Appalachian State: The Mountaineers stunned Michigan 34-32 in the Big House to start the 2007 season. On Aug. 30, three-time defending FCS national champ Appalachian State gets a crack at defending BCS champion LSU. I-AA states: More than a few BCS contenders will open the season against lightweights. Georgia plays Georgia Southern. West Virginia plays Villanova. Ohio State plays Youngstown State. Oklahoma faces Chattanooga. Texas Tech plays Eastern Washington.
Pat Hill Bulldogs: Georgia opens the season ranked No. 1 in the country for the first time in its history. Fresno State has its best team in years and might be good enough to crash the BCS party. Mike Stoops Wildcats: Arizona might have to win big to save coach Mike Stoops, who is 17-29 in four seasons. Kansas State's Ron Prince is 12-13 in two seasons and looked desperate after signing 19 juco transfers.
No huddle: Several more schools will be moving to a no-huddle offense to put more points on the scoreboard. Even traditional running teams like Auburn, Oklahoma and Tennessee will have a spread look this coming season. No defense: Nebraska hired LSU defensive coordinator Bo Pelini to save its program. Louisville, Notre Dame, South Carolina, Texas and Wisconsin hope hiring new defensive coordinators will fix their woes.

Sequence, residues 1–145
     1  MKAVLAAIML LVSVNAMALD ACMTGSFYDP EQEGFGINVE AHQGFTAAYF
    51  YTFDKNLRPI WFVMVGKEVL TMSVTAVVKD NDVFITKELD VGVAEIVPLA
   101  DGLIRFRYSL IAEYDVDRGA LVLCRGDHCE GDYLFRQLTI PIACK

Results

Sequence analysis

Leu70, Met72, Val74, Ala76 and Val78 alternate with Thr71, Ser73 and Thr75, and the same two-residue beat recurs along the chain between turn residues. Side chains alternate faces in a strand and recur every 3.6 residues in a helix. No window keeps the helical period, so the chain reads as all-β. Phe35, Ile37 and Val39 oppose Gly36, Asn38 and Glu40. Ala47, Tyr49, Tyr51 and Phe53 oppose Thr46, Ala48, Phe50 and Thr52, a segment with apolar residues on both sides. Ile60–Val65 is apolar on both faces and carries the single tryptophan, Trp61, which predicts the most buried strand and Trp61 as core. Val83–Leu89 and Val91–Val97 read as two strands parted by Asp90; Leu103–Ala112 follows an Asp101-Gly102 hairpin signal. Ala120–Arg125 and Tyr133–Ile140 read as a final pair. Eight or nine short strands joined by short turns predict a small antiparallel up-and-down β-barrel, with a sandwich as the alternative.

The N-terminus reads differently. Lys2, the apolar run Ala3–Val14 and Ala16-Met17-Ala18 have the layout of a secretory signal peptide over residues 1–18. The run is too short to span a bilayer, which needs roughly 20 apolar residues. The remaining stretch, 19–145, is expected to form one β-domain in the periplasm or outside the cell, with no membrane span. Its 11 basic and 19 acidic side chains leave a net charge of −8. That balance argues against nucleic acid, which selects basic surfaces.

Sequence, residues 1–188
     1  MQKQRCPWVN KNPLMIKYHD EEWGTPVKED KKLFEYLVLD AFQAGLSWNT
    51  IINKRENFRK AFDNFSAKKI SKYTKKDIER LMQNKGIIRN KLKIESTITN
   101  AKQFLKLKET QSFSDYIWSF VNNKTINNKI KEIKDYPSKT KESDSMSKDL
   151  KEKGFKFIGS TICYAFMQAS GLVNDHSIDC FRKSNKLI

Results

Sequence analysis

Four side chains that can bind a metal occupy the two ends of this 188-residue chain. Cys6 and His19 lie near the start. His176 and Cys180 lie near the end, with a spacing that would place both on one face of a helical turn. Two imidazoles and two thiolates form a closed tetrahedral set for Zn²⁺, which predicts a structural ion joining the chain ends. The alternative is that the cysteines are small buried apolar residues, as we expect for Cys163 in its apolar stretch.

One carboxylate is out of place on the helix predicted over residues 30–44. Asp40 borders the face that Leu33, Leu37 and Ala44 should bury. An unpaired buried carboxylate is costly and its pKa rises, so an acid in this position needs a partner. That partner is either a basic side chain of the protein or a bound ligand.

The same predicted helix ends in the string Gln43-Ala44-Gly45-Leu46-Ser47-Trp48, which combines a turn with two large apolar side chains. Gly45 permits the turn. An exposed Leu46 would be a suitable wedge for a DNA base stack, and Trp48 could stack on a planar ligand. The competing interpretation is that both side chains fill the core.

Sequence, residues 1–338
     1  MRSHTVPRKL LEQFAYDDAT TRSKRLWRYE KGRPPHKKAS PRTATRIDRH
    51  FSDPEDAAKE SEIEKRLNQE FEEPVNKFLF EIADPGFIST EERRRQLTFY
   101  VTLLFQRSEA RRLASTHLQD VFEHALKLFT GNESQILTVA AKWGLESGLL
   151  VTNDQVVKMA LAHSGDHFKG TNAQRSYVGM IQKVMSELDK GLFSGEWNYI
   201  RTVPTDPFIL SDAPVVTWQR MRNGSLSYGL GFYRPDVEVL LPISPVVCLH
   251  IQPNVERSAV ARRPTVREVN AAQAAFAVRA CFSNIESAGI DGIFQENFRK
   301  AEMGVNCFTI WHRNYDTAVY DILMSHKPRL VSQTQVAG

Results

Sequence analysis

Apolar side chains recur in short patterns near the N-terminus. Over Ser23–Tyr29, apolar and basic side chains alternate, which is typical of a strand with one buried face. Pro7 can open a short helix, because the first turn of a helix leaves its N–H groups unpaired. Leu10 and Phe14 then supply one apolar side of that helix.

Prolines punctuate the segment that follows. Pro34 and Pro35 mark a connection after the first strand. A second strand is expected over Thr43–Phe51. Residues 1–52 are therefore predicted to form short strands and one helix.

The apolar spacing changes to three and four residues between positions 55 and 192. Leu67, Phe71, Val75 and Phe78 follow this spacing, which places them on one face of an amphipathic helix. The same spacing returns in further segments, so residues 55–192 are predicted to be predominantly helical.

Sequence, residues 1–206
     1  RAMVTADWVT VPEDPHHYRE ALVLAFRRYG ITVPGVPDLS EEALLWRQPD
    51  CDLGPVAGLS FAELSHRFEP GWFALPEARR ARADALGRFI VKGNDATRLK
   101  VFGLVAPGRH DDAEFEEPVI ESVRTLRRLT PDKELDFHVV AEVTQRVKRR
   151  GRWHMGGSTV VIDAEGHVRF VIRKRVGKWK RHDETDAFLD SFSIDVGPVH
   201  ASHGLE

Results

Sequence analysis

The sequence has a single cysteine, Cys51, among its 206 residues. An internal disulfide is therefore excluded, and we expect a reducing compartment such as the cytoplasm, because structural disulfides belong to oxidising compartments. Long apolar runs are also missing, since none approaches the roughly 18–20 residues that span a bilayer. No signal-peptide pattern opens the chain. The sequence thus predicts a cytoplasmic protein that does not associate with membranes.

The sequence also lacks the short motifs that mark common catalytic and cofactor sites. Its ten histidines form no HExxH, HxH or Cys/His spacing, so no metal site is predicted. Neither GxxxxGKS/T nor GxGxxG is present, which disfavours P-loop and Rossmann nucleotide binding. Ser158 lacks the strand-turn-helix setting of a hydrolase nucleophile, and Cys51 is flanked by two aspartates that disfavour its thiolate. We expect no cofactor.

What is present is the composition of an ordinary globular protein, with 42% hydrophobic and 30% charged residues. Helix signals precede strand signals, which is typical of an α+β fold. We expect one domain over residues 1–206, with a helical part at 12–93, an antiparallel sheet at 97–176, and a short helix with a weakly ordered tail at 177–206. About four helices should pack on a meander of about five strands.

Steve SpurrierSEC coaches: The league's lineup of coaches looks like a roster of Roman generals. Five SEC coaches have won national titles: Tennessee's Phillip Fulmer, South Carolina's Steve Spurrier, LSU's Les Miles, Florida's Urban Meyer and Alabama's Nick Saban. Throw in Georgia's Mark Richt, Auburn's Tommy Tuberville and Arkansas' Bobby Petrino and the SEC has more star power than the AFC East. Tyrone WillinghamCoaches on the hot seat: These guys probably need to win big this season to save their jobs: Washington's Ty Willingham, Wyoming's Joe Glenn, Syracuse's Greg Robinson, Iowa's Kirk Ferentz, San Diego State's Chuck Long and UNLV's Mike Sanford.
Darrell ScottFabulous freshmen: Several blue-chip recruits are poised to contribute right away: Alabama's Julio Jones, Georgia's A.J. Green, Ohio State's Terrelle Pryor, Clemson's Da'Quan Bowers, Florida's Omar Hunter, Oklahoma's R.J. Washington, Colorado's Darrell Scott and LSU's Patrick Johnson. Drew Weatherford Seniors on the spot: Many veterans have one more chance at erasing mediocre college careers: Alabama's John Parker Wilson, Arkansas' Casey Dick, Texas A&M's Stephen McGee, FSU's Drew Weatherford, Virginia Tech's Sean Glennon, California's Nate Longshore and UCLA's Ben Olson.